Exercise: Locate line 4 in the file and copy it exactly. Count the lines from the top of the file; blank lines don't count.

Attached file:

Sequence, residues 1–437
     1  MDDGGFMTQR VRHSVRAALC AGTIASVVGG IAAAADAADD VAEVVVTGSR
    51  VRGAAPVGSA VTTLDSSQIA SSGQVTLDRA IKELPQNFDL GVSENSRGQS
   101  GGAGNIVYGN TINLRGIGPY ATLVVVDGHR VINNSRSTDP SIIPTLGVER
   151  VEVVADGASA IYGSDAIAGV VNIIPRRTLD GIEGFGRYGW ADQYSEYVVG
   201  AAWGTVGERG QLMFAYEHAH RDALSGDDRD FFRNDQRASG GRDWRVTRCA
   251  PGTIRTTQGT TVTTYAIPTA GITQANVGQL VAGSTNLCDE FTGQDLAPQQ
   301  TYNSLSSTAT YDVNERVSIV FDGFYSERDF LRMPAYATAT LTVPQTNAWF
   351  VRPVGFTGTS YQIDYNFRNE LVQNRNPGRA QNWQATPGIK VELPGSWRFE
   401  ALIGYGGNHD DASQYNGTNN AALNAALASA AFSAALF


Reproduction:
   101  GGAGNIVYGN TINLRGIGPY ATLVVVDGHR VINNSRSTDP SIIPTLGVER